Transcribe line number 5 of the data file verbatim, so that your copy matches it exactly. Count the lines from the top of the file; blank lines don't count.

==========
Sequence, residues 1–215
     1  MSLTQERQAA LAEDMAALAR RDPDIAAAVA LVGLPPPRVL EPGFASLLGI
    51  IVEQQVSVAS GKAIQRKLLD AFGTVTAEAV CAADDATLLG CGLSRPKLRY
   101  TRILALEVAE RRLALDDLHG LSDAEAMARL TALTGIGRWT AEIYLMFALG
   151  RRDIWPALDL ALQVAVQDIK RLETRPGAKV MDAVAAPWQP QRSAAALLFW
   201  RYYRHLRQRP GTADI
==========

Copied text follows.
   151  RRDIWPALDL ALQVAVQDIK RLETRPGAKV MDAVAAPWQP QRSAAALLFW